Bochy to Giants?

As you know, Padres manager Bruce Bochy recently was considered for the Cubs vacancy before they settled on Lou Piniella. Now apparently the Giants have come calling. Just like last winter, when Kevin Towers interviewed for the GM opening in Arizona, the Padres have opened themselves to the risk of losing a key member of the management team (and the franchise, for that matter).

I’m fairly agnostic on whether Bochy stays or goes. Until we know who would assume the managerial role in his absence, it’s hard to make any kind of judgment — except in rare instances, I don’t subscribe to the “anything is better than what we’ve got” theory that seemed to be popular around these parts this past summer, e.g., in the days leading up to former hitting coach Dave Magadan’s dismissal.

What I will say is that I like the way the Padres, as an organization, are handling their management staff. Sandy Alderson, speaking of Bochy, had this to say on the latter’s potential departure:

He may very well not go to San Francisco. If he doesn’t and comes back to the Padres, my hope is we have a happier, more content and more motivated Padres employee than we would have otherwise.

There is only one way to (prove) to somebody that the grass is not greener, and that’s to allow somebody to roll around it a little while.

I honestly couldn’t be more pleased with this attitude. The stathead in me isn’t entirely comfortable acknowledging that these factors matter, but the level of trust that Alderson and company are showing in these guys is phenomenal, as is the level of confidence that what they are working to accomplish as an organization is worth sticking around for despite what might be happening elsewhere. If you’re even a little insecure about where you are or where you’re headed, you don’t give your employees that kind of freedom.

We’ll see how it all plays out, but right now I’m just happy that this organization seems to have some self-confidence and, dare I say, bravado. That hasn’t always been the case, and it’s a refreshing change.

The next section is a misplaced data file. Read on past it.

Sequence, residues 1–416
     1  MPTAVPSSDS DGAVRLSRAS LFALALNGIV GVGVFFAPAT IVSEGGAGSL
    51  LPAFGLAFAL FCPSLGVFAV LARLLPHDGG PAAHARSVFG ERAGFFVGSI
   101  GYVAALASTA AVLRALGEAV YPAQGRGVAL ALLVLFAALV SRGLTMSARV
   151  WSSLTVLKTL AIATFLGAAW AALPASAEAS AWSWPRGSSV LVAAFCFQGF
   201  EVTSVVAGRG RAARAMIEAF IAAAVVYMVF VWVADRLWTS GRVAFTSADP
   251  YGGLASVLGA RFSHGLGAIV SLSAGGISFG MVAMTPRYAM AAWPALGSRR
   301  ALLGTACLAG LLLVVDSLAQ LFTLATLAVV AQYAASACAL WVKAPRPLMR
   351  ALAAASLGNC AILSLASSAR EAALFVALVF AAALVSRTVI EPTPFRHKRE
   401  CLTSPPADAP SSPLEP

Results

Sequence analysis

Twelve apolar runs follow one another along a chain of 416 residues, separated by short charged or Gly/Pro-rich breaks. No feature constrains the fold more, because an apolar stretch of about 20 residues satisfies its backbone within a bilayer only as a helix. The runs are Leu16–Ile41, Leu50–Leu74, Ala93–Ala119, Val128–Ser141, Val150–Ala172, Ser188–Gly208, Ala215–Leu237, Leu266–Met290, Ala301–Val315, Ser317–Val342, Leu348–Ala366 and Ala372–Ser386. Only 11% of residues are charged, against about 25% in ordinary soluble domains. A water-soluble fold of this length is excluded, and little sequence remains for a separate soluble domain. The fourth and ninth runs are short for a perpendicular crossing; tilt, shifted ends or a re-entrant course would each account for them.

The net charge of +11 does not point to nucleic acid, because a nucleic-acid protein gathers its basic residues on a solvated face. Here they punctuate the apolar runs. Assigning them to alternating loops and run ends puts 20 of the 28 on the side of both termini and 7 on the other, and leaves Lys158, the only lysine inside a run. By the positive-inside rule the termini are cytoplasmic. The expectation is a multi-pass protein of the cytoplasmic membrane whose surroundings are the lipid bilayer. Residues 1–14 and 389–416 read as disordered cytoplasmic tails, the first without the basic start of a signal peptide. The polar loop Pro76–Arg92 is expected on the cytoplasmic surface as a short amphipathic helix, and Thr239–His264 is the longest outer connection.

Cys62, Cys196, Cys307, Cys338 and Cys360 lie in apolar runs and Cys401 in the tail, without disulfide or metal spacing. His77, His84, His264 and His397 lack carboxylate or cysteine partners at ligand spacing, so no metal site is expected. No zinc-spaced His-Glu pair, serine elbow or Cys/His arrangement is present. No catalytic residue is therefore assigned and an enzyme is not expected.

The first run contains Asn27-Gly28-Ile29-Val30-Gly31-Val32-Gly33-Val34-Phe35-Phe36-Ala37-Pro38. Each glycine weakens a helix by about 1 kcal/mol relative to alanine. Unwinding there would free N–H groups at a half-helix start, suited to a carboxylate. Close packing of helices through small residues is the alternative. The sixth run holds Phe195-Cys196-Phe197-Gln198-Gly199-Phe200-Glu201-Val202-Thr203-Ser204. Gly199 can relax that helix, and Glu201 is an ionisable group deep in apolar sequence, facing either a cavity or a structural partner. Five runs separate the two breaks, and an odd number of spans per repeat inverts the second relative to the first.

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30 Responses »

  1. As a member of the “Fire Bochy Club”, I can still respect your agnosticism. Will I be terribly upset if he returns, no, but either we need a new manager or a new bench coach. I like Muser (could he replace Boch?), but if he is not strong enough to help Boch avoid his silly tactical decisions (Bellhorn with the bases loaded? Bunting Mike Cameron in the 8th inning? etc.), then we need a stronger personality who can.

    Buck Showalter is available! :-)

    In reality, it seems like the Padres AAA manager, Craig Colbert, is very well respected. SA’s history suggests he likes a manager who dutifully does what he is told and is not expensive. This might be a good fit should Bochy leave.

  2. An interesting set of questions from Buster Olney today, discussing how to evaluate managers…here are the top 4 and I will try to answer in evaluating Bochy:

    #1. Can he lead? Does he naturally engender respect?

    I am sure that there are many who can answer better than I, but it seems that Bochy does lead well. The clubhouse never has issues and the players follow Bochy without question. You never hear about back biting among the players or complaints about how the team is run. (See the A’s for an example of a team that does not do this well… )

    #2. How does he handle a pitching staff?

    Boch has done a decent job with what he has had to work with in the past. As Geoff pointed out in the last week (or so), he has had a tendency to ride his horses a bit long, but does not do so as often as he used to.

    #3. How does he handle game situations?

    Terrible. This is Bochy’s biggest weakness. According to ESPN’s Jason Stark, Bruce Bochy was “the worst tactician” in the playoffs this year.

    #4. Marketability

    In SD, he has value b/c of longevity and people seem to like him. Outside of SD, he has little added value. According to Buster Olney “one of the reasons the Cubs passed on Bruce Bochy as a possible front-runner is that he is not the name that Piniella is or that Joe Girardi might have been.”

  3. Unless it is a significant pay increase, sure doesn’t seem like Bochy to make a switch knowing that he will have to deal with a clubhouse with Bonds and all the associated distractions in it, even if it is just for a year.

    On the bright side, knowing his tendency to stick with veterans, he would send Bonds out there 5 days a week even if he was in a wheelchair and hitting .180.